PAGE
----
Not to fret: Easy-on-wallet ukulele returning to favor
Perhaps it’s the relatively low price tag or its manageable size or its overall simplicity compared to its more popular brethren, the guitar. Or maybe rocker Eddie Vedder’s latest album devoted to the instrument has finally wiped away the memory of a shrill Tiny Tim strumming away.
Whatever the reason, the humble ukulele is cool again.
“Why is it popular? I don’t have the slightest idea,” says Adam Bos, sales manager with Guitar Center, a music store in Reno. “But ukulele sales have gone through the roof over the last year or so. We increased our inventory three times in just the last month.”
Brian Majeski, editor of The Musical Trades, a monthly magazine in Englewood, N.J. that tracks the market for musical instruments, says the ukulele first gained popularity during the 1920s when Hawaii became a tourist destination and visitors were introduced to ukulele-centered Polynesian music. It experienced a popular resurgence in the 1950s, says Majeski, when entertainer Arthur Godfrey routinely played the ukulele on his various television and radio programs.
“But there’s nothing you can put your finger on,” to explain the instrument’s latest rebirth, he says.
Sales of ukuleles nationwide grew about 16 percent last year to 580,000 units from 500,000 units in 2009, while the average price jumped from $66 to $72, according to the magazine, which only started tracking sales of the instrument two years ago. Sales of guitars, meanwhile, slumped almost 10 percent, from 3.3 million units in 2009 to 2.99 million units in 2010.
“Ukuleles are the only instrument making money right now,” says Rich Dann, vice president of playuke.net, a Web site based in northern Nevada that sells ukulele supplies and operates a local ukulele festival.
He and others attribute the ukulele’s recent rise to the fact it’s both easy on the wallet and easy to learn.
“The ukulele is a great instrument for all people,” says Dann. “For little kids, it’s their size. Seniors or people who have never played an instrument before can spend half an hour with me and play some songs.” And $100, says Dann, will buy a decent ukulele while a comparable guitar starts at $300.
In addition, says Dann, the ukulele’s repertoire is not limited to Hawaiian music. Jazz, the Great American Songbook, even Beatles music can be played on the instrument.
Dann is part of a growing ukulele scene in northern Nevada. A guitar player who “fell in love” with the ukulele, he leads a group of 30 or more aficionados known as the Reno Ukulele Group who meet twice a month to practice and learn music. They also perform locally, including a gig at this year’s Artown festival and appearances at local retirement homes and rehabilitation hospitals such as Life Care Center on Holcomb Lane.
Dann also offers ukulele lessons every Monday night at Muzea Insider Consulting Services LLC, a research consultant for institutional money managers, where he is chief executive officer. Ron Moschetti, one of Dann’s students, said he took up the ukulele after his wife bought one for him during a trip to Hawaii. After playing drums as a child, and driving his parents crazy, says Moschetti, the ukulele is delicate, unique instrument that doesn’t require a lot of time to learn. And the lessons are a bargain, he says.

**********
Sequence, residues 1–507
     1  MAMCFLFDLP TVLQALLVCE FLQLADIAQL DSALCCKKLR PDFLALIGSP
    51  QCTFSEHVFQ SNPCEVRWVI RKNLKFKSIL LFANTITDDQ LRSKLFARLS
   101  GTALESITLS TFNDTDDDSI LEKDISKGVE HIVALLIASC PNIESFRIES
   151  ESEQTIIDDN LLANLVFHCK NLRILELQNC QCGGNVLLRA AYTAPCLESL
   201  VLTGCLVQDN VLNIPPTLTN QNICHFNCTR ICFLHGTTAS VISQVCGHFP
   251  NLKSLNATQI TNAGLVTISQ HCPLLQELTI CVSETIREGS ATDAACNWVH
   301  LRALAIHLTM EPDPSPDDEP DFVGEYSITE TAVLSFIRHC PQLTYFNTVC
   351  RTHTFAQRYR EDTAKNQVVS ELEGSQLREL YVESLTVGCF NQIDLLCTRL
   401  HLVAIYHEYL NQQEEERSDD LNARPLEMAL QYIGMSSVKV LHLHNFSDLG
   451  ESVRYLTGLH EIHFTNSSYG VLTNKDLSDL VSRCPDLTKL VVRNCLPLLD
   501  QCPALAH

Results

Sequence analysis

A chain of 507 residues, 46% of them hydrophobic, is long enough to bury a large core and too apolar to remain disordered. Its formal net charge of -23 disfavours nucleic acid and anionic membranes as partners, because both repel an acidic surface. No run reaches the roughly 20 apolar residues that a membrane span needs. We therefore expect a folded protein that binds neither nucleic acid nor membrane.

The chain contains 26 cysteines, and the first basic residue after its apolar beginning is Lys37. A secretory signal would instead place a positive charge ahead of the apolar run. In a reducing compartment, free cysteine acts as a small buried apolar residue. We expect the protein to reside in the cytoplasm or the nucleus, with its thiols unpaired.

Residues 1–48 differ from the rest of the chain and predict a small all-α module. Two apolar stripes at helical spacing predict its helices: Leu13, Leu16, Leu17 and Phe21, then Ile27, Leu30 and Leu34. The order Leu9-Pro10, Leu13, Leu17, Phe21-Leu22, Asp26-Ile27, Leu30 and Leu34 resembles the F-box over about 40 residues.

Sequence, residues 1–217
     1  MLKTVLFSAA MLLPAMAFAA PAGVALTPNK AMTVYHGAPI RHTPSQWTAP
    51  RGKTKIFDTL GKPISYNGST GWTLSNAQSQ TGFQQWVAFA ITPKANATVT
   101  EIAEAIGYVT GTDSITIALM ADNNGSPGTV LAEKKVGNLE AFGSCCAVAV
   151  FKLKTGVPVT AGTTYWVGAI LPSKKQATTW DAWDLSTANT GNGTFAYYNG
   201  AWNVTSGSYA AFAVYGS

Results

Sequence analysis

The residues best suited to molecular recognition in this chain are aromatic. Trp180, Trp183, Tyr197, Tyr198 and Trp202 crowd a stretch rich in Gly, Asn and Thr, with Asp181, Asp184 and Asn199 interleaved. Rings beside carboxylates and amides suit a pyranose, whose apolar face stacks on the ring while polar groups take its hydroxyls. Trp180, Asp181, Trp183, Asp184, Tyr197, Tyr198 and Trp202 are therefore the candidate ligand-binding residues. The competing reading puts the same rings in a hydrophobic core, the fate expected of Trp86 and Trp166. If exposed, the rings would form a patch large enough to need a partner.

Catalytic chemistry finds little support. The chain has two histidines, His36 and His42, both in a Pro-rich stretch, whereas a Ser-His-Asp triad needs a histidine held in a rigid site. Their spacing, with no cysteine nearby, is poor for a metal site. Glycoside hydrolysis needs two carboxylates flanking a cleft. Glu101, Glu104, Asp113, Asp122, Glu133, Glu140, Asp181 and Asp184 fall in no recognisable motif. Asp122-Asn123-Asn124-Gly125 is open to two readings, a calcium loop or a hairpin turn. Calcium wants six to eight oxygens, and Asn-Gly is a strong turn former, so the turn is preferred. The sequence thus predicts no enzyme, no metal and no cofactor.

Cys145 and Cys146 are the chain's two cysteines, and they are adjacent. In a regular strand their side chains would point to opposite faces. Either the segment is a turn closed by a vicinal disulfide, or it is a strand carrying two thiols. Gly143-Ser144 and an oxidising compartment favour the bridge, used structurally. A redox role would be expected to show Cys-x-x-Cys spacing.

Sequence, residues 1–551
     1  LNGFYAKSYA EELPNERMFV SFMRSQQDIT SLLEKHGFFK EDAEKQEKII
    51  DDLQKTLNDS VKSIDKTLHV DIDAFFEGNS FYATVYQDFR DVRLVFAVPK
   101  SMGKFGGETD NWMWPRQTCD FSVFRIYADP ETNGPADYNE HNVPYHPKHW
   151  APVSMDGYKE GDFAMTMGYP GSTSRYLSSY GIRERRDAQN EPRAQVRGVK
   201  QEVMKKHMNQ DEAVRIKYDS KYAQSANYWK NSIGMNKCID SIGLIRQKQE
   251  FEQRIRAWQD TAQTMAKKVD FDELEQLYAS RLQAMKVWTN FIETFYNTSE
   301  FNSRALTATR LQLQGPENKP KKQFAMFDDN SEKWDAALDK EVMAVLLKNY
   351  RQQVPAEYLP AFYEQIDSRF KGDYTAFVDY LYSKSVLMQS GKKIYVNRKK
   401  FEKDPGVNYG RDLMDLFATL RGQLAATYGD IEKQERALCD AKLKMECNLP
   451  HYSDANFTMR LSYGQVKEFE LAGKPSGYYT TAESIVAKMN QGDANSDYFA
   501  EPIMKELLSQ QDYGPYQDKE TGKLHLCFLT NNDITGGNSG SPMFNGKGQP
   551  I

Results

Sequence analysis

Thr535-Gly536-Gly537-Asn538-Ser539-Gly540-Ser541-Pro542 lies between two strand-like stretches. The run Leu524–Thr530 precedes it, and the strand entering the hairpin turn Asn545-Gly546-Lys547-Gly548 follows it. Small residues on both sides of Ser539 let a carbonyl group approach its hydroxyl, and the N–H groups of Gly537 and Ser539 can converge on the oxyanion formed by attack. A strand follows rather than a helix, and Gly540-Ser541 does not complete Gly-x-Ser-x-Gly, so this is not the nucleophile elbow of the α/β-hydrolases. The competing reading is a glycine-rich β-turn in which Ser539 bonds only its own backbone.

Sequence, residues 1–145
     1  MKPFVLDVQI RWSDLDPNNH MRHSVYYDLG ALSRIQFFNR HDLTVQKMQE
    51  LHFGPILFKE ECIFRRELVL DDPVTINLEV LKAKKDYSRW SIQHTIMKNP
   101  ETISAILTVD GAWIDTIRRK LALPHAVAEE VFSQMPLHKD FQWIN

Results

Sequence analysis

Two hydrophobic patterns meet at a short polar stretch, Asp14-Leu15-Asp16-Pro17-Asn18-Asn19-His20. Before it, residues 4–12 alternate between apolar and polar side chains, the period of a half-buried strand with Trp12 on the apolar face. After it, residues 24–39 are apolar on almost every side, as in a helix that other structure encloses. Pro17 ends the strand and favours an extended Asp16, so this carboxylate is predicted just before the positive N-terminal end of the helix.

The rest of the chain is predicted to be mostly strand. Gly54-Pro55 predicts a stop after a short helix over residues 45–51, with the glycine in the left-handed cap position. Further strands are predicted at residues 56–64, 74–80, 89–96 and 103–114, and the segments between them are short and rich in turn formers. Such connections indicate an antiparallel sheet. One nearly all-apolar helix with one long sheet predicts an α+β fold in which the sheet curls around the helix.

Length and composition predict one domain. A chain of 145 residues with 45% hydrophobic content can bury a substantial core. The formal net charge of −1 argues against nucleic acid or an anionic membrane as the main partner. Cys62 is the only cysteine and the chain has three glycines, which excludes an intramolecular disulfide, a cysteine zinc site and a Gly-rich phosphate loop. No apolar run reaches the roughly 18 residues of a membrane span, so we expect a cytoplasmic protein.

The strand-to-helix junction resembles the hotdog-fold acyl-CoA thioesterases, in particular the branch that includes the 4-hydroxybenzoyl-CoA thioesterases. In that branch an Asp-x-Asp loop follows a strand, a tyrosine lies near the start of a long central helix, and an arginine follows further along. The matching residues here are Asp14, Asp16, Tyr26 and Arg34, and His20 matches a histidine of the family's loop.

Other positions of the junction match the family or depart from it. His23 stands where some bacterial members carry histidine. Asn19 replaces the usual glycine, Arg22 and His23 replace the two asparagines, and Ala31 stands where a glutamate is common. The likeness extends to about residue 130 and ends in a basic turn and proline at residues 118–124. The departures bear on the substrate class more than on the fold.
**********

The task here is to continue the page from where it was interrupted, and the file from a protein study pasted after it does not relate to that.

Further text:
“Rich charges me $5, mostly to cover his costs for copying music,” says Moschetti. “It’s probably the best $5 I’ve ever spent.”
Dann and his playuke.net partner Doug Reynolds also sell ukuleles online – a few dozen a year, says Reynolds – as well as accessories, the Official Ukulele Chord Theory Tutor Gizmo, a sort of slide rule, and Uke In A Flash, flash cards for learning chords, both developed by Reynolds.
But their biggest endeavor, and the reason for playuke.net’s existence, is the Reno Ukulele Festival, now in its fourth year. The festival, started in a vacant building in Minden, features workshops, performances and vendors, attracts visitors from all over the country, and has grown from 100 attendees to 350 or more and from a dozen vendors to twice that. The event has been hosted at John Ascuaga’s Nugget in Sparks the last two years and is scheduled there again in March 2012. Next year, David Lindley, longtime sideman for Jackson Browne, and Kris Fuchigami, an up and coming ukulele musician, are featured performers.
“The festival brings business to Nevada,” says Reynolds, president of playuke.net. “The festival is over the weekend, but some people stay for a week, go to Reno, frequent the casinos.”
Reynolds, who lives in Minden, would also like to start a performing group in the Carson City-Carson Valley area. For now, he’s turned over the reins of a small Douglas County practice group to David Smith, another Minden resident who has been playing the ukulele for 65 years, ever since his father introduced him to it when he was 8 years old.
How does Smith explain the instrument’s revival? Because the ukulele speaks to everyone, he says.
“It has almost as much variety as a guitar, it’s cute and easy and you can carry it with you. I take it with me when I travel,” he says.
And when he starts playing a familiar standard such as “Has Anybody Seen My Gal?” everyone sings along.
“You wouldn’t see that with the French horn, for instance,” says Smith. “It’s hard to respond to a French horn.”
Heather Ashbridge, who started with Nevada State Development Corporation in 2008, previously served in several roles with the organization, including assistant vice president and loan officer. She is based in NSDC’s Reno office.